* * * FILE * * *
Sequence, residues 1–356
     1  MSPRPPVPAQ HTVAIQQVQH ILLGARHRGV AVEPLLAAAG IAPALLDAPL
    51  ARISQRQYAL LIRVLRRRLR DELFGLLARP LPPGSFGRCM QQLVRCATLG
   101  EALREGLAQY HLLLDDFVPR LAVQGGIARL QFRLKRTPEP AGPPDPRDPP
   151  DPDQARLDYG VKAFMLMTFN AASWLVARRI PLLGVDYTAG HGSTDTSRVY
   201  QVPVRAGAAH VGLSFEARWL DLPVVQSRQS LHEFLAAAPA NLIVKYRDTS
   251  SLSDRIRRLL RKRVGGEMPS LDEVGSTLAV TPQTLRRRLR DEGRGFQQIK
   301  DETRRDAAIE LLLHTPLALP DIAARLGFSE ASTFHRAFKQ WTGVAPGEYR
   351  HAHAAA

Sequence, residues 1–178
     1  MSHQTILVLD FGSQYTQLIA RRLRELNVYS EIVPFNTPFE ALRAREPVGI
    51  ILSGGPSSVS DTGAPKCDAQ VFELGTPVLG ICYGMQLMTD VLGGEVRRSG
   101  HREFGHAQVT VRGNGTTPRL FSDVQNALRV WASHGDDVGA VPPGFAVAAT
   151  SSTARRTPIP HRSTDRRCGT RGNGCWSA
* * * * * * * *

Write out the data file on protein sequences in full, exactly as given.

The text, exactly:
Sequence, residues 1–356
     1  MSPRPPVPAQ HTVAIQQVQH ILLGARHRGV AVEPLLAAAG IAPALLDAPL
    51  ARISQRQYAL LIRVLRRRLR DELFGLLARP LPPGSFGRCM QQLVRCATLG
   101  EALREGLAQY HLLLDDFVPR LAVQGGIARL QFRLKRTPEP AGPPDPRDPP
   151  DPDQARLDYG VKAFMLMTFN AASWLVARRI PLLGVDYTAG HGSTDTSRVY
   201  QVPVRAGAAH VGLSFEARWL DLPVVQSRQS LHEFLAAAPA NLIVKYRDTS
   251  SLSDRIRRLL RKRVGGEMPS LDEVGSTLAV TPQTLRRRLR DEGRGFQQIK
   301  DETRRDAAIE LLLHTPLALP DIAARLGFSE ASTFHRAFKQ WTGVAPGEYR
   351  HAHAAA

Sequence, residues 1–178
     1  MSHQTILVLD FGSQYTQLIA RRLRELNVYS EIVPFNTPFE ALRAREPVGI
    51  ILSGGPSSVS DTGAPKCDAQ VFELGTPVLG ICYGMQLMTD VLGGEVRRSG
   101  HREFGHAQVT VRGNGTTPRL FSDVQNALRV WASHGDDVGA VPPGFAVAAT
   151  SSTARRTPIP HRSTDRRCGT RGNGCWSA